Collins, program director at Horizon’s Project Eden, was heartened by the hundreds of teens who turned out this year. But for every teen who felt comfortable enough to attend the prom this year, there are other kids who stayed away, Athey says. And those who did come didn’t want to go to their own proms.
“It’s not safe to go to the prom with who you really love and want to take,” Athey says. “It’s not safe for the ones who may not be totally out, unsure, or fearful.”
Project Edens’ Collins emphasizes that even as support of LGBT people grows, this prom continues to serve a vital purpose.
“When they come in on the receiving line and they have all these people cheering them on, they’re overwhelmed with happiness, because it’s all about acceptance,” Collins says. “It’s a needed event because the young people need a place to go to where they feel safe and accepted.”
Fremont student James Verges said he went to his prom, but came to this one anyhow because, “It gives everybody a fair chance. It’s a safe place for people to really be who they want to be, rather than what other people expect them to be.”
Kalee Kennedy, 19 and this year’s prom queen, is from Antioch, California: “I believe that gay prom is a wonderful opportunity for those who were previously unable to attend their own prom due to prejudice or fear. Many LGBTQA youth need events like this to remind them that they are not alone and that they will not always be judged.”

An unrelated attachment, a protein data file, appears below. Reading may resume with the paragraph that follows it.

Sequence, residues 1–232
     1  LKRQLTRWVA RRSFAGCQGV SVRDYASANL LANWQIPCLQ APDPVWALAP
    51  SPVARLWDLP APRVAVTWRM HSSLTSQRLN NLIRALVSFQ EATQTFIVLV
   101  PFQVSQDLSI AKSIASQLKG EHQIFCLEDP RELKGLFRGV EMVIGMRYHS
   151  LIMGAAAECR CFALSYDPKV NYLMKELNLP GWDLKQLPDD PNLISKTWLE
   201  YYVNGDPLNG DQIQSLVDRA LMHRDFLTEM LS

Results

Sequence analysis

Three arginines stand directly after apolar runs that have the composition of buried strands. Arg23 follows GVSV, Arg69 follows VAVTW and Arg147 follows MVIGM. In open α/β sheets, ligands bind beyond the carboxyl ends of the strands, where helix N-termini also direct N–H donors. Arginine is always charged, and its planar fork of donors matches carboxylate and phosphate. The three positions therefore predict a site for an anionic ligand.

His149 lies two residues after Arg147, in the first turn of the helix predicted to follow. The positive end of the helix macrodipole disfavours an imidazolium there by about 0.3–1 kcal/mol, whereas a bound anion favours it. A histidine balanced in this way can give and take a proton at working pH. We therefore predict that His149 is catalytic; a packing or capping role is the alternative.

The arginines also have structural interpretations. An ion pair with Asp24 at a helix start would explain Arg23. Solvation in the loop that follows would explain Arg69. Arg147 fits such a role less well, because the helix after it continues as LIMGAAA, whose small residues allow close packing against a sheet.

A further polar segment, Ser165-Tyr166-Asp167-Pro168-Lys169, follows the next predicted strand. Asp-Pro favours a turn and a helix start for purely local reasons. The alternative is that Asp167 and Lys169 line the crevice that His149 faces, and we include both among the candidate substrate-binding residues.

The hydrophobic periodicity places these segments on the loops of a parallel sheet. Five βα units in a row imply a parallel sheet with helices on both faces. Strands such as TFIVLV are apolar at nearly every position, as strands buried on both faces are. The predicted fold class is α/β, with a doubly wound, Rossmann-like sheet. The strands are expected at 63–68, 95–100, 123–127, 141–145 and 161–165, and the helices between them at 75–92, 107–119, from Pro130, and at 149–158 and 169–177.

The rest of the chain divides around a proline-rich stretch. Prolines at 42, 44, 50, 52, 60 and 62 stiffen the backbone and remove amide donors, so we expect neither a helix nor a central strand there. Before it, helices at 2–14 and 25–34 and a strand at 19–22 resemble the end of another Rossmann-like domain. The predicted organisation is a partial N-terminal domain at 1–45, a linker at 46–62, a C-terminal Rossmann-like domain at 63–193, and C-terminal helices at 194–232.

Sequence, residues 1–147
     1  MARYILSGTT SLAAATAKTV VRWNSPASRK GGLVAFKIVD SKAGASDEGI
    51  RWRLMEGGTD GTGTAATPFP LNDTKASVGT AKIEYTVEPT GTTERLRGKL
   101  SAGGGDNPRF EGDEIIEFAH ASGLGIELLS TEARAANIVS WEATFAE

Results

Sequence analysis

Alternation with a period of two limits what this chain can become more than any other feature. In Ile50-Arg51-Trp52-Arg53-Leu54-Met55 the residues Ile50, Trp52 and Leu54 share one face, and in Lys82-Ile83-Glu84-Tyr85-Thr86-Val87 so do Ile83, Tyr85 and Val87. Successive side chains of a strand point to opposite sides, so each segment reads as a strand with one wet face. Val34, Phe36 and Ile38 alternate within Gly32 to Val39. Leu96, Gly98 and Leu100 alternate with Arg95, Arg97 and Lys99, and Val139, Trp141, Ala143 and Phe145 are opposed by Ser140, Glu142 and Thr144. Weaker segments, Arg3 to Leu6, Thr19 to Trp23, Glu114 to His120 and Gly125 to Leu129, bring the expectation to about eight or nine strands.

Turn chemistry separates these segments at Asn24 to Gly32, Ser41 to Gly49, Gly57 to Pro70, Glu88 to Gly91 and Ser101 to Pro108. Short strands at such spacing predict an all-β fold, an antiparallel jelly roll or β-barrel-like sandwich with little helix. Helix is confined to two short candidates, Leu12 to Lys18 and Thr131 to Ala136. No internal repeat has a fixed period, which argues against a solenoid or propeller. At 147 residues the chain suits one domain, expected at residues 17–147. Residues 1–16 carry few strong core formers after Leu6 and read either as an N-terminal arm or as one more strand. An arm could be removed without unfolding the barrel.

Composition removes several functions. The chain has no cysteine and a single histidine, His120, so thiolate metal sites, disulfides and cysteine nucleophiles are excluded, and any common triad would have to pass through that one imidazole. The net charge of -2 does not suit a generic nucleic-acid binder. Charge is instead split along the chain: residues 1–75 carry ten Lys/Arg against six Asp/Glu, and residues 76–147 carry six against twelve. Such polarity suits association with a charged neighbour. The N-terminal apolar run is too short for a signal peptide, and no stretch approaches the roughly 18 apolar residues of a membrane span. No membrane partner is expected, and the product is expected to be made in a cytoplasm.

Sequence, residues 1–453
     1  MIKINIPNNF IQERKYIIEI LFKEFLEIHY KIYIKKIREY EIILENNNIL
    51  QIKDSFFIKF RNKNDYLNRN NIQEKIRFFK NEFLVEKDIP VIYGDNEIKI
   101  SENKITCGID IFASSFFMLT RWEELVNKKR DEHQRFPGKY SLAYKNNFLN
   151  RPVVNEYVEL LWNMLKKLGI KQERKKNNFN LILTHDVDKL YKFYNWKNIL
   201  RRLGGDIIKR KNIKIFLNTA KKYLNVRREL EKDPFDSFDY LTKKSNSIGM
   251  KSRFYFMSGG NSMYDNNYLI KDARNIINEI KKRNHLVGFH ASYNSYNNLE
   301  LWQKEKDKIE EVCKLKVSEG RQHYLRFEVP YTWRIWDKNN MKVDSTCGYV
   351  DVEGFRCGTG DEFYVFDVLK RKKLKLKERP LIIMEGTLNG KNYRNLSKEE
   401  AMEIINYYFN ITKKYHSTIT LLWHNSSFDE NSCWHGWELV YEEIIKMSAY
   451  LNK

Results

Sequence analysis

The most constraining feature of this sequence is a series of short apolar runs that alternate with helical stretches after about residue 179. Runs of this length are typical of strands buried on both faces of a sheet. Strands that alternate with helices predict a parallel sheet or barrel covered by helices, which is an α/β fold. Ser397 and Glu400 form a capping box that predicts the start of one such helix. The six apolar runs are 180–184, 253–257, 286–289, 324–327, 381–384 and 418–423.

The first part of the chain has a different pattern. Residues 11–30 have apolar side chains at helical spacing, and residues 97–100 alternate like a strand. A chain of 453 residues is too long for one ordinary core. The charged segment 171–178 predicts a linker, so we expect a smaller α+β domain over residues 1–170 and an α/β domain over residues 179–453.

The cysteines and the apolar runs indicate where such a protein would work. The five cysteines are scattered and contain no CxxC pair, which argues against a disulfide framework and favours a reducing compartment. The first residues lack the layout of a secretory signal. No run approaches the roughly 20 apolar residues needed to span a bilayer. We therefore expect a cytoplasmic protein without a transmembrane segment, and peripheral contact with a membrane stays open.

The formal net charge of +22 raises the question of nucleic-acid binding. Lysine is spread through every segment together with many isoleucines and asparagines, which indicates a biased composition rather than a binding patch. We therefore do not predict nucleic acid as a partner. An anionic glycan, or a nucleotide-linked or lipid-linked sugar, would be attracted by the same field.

Zohal Sharif, 19 and this year’s other prom queen, is from Union City, California: “Gay Prom offers a safe space for LGBTQIA2-S and allies to experience the full ‘prom experience’ they were not given in their own high schools. This event is still important because across the country there are couples and individuals facing prejudice and who choose to not even go to their proms. Everyone should have a fun, cheesy prom experience.”
Skylar Gordon, 17 is from Milpitas, California: “It means a lot to have a prom—but not only to have a prom but have one that you know is going to be accepting. I really felt like I belonged at gay prom. I’ve never really fit in at any sort of school-related dance, and I never was really out about anything at a school dance. Here, I could be myself. I could be with my boyfriend, as a pansexual transgender guy, and win cutest couple. That would never happen at a school-related prom, or any dance of any kind.”
Miracle Minton, 16, is from Hayward, California: “You get to go to a prom where you feel more comfortable. There are schools that don’t accept same-sex dates to their proms, which I think is really absurd. Also, it’s a good event to meet more people who are fabulous. Gay prom was way more fun than my high school prom. I think that prom is good for the people who are scared to express their sexuality because then they can socialize with people who are just like them, the LGBT community.”
Reyna Romero, 17, is from San Leandro, California: “I attended gay prom with my girlfriend and some close friends. I really think gay prom was a blast and I will always remember and cherish that night. Gay prom is not only important because it celebrates these individuals, but because it was great to go to a prom where my girlfriend and I weren’t discriminated against. My home school like many others doesn’t allow girls to wear tuxes and guys to wear dresses. My girlfriend and I felt really important and loved the whole time we were there.”
Check out video of this year’s gay prom below: